Sam Gringlas

As a kid, Enrique Olvera spent hours in his grandmother's bakery in Mexico City. He loved watching everyday ingredients like flour, sugar and eggs fuse into something entirely different.

For Olvera, even the simple act of baking a cake felt like magic.

He absorbed every detail as his grandmother gently coaxed masa into handmade tortillas. On Sundays, he joined his father in the kitchen, chopping onions and tomatoes for breakfasts of scrambled eggs and dry beef.

More than a decade ago, Anaïs Mitchell was running late for one of her shows. The singer-songwriter, in her 20s at the time, was trying to get from one gig to another and found herself lost. Along the drive, a song lyric popped into her head. "The lines that came were, 'Wait for me I'm coming. In my garters and pearls with what melody did you barter me from the wicked underworld,'" she remembers.

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Unemployment is at nearly 50-year lows and the economy has been adding jobs for 97 straight months. But, 10 years after the financial crisis, the recovery hasn't reached everywhere.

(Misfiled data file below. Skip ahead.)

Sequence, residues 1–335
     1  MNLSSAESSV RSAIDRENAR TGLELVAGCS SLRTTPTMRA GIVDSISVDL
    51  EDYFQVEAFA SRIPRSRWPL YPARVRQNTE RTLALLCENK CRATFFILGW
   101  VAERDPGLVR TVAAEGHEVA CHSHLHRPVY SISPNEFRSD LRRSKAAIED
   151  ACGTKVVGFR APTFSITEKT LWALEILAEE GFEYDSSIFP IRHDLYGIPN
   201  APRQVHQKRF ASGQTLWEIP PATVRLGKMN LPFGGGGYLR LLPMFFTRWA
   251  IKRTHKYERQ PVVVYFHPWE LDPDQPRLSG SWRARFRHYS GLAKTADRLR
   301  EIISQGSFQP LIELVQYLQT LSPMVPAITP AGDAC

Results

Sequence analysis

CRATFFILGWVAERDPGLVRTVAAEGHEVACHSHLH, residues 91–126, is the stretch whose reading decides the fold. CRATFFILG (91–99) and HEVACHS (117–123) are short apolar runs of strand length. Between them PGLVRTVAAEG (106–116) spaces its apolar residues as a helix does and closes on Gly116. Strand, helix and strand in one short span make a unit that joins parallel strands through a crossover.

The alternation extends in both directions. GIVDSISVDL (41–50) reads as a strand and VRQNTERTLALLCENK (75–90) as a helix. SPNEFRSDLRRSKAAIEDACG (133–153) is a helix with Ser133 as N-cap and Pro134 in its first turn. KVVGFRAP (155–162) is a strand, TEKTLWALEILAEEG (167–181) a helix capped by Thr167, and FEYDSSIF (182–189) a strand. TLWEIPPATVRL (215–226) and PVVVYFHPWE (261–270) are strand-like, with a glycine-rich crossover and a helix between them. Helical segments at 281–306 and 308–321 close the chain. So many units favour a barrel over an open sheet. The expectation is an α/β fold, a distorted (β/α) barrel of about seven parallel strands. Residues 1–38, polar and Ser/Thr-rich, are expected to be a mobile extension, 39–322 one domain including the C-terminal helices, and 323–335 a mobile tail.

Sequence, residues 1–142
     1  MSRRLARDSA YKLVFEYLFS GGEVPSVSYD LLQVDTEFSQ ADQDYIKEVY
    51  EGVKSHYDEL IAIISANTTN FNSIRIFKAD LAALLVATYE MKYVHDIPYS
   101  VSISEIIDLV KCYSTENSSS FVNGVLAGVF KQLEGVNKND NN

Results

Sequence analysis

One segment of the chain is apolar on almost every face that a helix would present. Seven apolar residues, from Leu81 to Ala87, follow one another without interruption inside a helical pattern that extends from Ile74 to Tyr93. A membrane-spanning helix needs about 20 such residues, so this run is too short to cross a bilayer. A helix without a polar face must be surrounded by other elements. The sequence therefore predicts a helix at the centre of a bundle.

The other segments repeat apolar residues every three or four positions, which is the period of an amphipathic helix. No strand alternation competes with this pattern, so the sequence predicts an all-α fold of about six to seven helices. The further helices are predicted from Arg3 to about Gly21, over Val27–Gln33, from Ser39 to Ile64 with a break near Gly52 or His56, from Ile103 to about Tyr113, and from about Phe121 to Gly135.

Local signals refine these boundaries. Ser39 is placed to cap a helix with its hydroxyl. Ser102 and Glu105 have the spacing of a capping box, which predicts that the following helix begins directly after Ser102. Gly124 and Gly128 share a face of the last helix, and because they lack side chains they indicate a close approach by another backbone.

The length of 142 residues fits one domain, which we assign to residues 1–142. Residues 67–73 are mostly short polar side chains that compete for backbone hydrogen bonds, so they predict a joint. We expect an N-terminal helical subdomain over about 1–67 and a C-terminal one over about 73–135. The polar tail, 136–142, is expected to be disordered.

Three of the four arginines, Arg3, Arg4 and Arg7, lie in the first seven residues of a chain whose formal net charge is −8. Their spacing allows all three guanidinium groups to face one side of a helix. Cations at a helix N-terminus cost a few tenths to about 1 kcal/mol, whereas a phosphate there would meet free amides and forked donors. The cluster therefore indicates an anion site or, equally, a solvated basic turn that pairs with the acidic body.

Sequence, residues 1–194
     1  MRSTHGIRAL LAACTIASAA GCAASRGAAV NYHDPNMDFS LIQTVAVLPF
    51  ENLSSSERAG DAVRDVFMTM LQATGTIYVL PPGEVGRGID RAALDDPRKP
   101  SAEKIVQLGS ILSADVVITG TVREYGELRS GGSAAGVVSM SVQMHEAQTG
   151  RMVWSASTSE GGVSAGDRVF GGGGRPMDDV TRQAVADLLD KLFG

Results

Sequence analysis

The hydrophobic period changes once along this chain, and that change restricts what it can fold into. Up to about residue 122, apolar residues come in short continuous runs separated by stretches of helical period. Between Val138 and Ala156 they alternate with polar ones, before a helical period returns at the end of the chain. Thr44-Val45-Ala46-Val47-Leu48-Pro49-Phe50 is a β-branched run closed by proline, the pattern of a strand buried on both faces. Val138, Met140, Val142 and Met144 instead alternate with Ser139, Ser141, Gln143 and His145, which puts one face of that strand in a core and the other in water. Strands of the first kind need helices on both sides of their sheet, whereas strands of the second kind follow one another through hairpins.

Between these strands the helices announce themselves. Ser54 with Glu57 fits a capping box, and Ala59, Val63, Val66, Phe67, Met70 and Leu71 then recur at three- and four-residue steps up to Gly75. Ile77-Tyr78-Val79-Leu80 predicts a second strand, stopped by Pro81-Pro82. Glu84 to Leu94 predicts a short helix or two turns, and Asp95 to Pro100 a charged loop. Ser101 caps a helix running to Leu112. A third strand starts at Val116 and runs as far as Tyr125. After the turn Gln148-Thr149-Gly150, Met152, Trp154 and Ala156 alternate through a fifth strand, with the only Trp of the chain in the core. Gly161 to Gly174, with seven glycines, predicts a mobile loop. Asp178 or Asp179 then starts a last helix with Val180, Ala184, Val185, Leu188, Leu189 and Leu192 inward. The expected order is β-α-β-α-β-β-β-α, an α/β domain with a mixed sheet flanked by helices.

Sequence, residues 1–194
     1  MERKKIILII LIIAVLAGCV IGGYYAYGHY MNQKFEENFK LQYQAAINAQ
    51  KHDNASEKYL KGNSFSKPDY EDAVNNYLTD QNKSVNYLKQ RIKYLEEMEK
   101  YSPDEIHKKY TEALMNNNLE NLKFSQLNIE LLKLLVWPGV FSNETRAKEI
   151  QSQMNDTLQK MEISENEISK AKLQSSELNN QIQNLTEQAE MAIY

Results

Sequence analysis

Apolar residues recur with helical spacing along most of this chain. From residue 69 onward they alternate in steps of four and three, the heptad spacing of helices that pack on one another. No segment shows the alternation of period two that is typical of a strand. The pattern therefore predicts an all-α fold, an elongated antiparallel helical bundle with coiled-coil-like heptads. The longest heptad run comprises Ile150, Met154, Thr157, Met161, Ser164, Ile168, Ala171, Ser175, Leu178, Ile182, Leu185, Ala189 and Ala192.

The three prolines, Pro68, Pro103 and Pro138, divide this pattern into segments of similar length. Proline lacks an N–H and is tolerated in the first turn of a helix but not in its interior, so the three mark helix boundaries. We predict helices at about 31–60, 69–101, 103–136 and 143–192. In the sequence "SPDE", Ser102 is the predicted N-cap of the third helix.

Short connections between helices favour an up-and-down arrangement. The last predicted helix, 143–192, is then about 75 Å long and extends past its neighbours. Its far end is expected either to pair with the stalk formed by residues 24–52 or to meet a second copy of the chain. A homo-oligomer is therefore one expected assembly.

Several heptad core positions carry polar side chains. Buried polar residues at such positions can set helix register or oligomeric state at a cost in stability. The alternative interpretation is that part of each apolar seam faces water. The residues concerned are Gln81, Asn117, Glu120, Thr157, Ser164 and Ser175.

Three members of a Michigan family had all worked at a General Motors plant near Detroit before it closed in 2010, as the economy and the auto industry collapsed around them. All three lost their jobs at the factory. And their lives changed in unexpected ways.

Don Skidmore: GM plant closing was 'like losing your life'

The night before one of the biggest rallies in Washington, D.C., history, Sam Zeif is beat.

It's been a long day. It started with an early-morning hit on CNN, then another with ABC's Good Morning America, followed by an afternoon trip to MSNBC — not for the first time. Just two days earlier, he was in Los Angeles, filming a segment with Ellen DeGeneres.

Wednesday is Valentine's Day, and if you struggled to find just the right words to tell a special someone how you feel, you have options.

There are the classic options: Store-bought superhero valentines or sappy Hallmark cards. Or if you're into something sweet — boxes of pastel-colored candy hearts, emblazoned with messages like "BE MINE," "XOXO" and "HOT STUFF."

But if those candy greetings feel tired, or just aren't striking the right note, Colorado researcher Janelle Shane has some ideas.

Lea esta historia en español.

The day was going to be perfect.

Alex figured he would wake up at 6:30 a.m., help get his little brothers up and off to school and catch the bus by 7. After school, the 14-year-old would do something he had been looking forward to for weeks — play in his first football game.